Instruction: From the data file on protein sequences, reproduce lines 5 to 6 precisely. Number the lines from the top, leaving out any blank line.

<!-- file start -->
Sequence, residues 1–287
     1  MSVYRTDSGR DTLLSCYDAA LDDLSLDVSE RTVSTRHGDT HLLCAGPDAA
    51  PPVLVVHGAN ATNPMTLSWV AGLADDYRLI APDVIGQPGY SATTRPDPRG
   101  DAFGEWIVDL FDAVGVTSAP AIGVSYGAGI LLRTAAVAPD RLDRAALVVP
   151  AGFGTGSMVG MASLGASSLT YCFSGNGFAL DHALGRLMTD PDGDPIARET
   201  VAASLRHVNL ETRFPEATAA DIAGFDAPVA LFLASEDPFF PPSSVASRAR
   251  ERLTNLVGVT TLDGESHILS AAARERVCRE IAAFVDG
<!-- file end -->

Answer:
   151  AGFGTGSMVG MASLGASSLT YCFSGNGFAL DHALGRLMTD PDGDPIARET
   201  VAASLRHVNL ETRFPEATAA DIAGFDAPVA LFLASEDPFF PPSSVASRAR